Field notes: I learned everything I needed to know about people at the barber shop

Slater, the small mill village where I grew up, had exactly one retail building. The large, brick two-story building housed Roy and Kate Whitmire’s grocery store, fire department and post office, as well as my father’s hair salon next to my mother’s beauty shop. I spent most of my formative years in their hair salons and beauty shops.

Greenville County Councilman Joe Dill once told me that my father reminded me of Floyd the barber on “The Andy Griffith Show.” I laughed in agreement and added that the barbershop itself was a suitable facsimile for where Andy and Barney hang out.

Slater’s Barber Shop

When I was a kid, men waiting for haircuts would tell me great stories that usually started with “When I was your age…”. Life and Look magazines; and if I did not understand, they would tell me the meaning of the words. My first grade teacher told my parents that I was in second grade when she came to school. These fellows who come in for a haircut may not know that they are helping to fuel their passion for lifelong learning.

I remember when the astronauts landed on the moon, one of my dad’s customers claimed that everything that was shot at a dessert in Arizona was fake. She said she knew it was fake because her aunt had a friend who lived out West, and that aunt said her neighbor’s son worked on a film crew. In fact, I’ve known several people who believe the man-on-the-moon story is a hoax. These were mostly people who believed that Bigfoot was real. Some people seem naturally inclined to believe in conspiracy theories, hocus pocus, and surrealism.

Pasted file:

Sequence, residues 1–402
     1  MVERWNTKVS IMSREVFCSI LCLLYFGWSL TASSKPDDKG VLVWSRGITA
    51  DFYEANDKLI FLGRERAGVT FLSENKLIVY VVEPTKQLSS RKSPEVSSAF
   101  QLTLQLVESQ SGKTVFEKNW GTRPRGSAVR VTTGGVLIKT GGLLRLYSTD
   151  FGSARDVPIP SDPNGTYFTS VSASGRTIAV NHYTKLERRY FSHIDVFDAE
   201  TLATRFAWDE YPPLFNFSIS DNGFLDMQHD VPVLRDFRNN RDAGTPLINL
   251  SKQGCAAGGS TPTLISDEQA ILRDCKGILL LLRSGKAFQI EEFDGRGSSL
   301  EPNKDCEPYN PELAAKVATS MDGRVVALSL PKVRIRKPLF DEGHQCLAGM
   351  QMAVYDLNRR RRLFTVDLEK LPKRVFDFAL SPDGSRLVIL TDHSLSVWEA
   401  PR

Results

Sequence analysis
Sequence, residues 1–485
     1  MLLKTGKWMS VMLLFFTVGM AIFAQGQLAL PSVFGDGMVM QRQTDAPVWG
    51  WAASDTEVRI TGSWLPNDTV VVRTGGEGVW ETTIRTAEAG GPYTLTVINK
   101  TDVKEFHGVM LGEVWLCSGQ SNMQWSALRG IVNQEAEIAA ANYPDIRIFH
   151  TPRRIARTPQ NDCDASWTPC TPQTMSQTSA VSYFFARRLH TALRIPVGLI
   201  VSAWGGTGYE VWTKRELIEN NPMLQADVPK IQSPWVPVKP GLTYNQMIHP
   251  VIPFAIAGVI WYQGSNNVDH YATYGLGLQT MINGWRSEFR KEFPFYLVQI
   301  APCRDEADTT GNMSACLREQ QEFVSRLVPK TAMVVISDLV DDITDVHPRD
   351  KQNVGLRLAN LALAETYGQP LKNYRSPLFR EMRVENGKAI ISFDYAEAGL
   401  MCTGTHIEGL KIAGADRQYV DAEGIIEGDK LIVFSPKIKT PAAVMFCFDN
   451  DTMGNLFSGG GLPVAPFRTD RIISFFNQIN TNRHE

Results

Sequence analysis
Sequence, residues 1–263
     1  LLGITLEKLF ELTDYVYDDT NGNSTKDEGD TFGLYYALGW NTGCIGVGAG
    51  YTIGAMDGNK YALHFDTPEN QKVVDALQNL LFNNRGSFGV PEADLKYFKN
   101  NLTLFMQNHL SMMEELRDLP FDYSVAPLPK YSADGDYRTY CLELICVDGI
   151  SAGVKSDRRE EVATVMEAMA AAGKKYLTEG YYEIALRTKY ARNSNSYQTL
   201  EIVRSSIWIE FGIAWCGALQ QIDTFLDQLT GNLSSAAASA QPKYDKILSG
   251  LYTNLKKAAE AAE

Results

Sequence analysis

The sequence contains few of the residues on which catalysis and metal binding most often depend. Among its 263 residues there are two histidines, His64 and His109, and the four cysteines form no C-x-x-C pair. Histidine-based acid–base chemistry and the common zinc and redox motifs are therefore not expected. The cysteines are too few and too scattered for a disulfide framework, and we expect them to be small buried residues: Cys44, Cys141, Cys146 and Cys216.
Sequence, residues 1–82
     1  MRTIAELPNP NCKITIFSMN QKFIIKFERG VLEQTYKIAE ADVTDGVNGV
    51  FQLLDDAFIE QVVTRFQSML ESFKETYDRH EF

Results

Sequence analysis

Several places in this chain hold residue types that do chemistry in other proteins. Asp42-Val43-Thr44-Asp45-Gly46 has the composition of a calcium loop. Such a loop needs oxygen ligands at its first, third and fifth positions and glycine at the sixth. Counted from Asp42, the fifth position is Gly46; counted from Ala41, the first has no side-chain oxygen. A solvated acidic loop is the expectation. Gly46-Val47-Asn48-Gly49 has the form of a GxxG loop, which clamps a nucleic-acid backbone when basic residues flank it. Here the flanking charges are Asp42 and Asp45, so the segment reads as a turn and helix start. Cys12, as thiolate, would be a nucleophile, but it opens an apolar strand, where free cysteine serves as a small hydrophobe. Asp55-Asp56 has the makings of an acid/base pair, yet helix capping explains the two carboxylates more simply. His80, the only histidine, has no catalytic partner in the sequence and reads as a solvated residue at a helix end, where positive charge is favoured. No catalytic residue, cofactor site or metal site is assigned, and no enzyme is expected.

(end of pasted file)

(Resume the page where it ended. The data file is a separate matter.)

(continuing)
Some people are naturally funny and like to joke around. When I was a Cub Scout I read something about how to make a “crystal radio”. It required a coil of copper wire wound from a roll of toilet paper into a cardboard tube, a nine-volt battery, a small speaker, and a galena crystal. Since I have a fairly extensive rock collection, I had the galena crystal and found all the other components easily. I put everything on my father’s table as the people waiting to get their haircuts were eagerly waiting.

Hairstylist Artis Chastain is waiting for her next customer.
Hairdresser Artis Chastain is waiting for her next customer.

Finally, I announced that I would hook up the wires and start the jury-rigged device. As I prepared to connect the wires to the battery, one of the men slipped behind a barber chair where a large RCA radio sat on a shelf among bottles of hair tonic. The moment I touched the bare copper wires of the battery, he turned the knob, and Loretta Lynn said, “I was born a miner’s daughter…” This is what I learned about humility, the art of appreciation. kind humor, even if I had.

Dennis Chastain is a Pickens County naturalist, historian and tour guide. He has written feature articles for South Carolina Wildlife magazine and other outdoor publications since 1989.